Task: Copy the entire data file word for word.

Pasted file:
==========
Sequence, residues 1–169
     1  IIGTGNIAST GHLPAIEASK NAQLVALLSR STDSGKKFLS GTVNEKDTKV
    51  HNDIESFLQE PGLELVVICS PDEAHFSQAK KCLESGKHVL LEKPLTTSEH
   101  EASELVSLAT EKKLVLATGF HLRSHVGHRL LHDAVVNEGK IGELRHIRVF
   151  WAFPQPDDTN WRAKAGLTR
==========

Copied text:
Sequence, residues 1–169
     1  IIGTGNIAST GHLPAIEASK NAQLVALLSR STDSGKKFLS GTVNEKDTKV
    51  HNDIESFLQE PGLELVVICS PDEAHFSQAK KCLESGKHVL LEKPLTTSEH
   101  EASELVSLAT EKKLVLATGF HLRSHVGHRL LHDAVVNEGK IGELRHIRVF
   151  WAFPQPDDTN WRAKAGLTR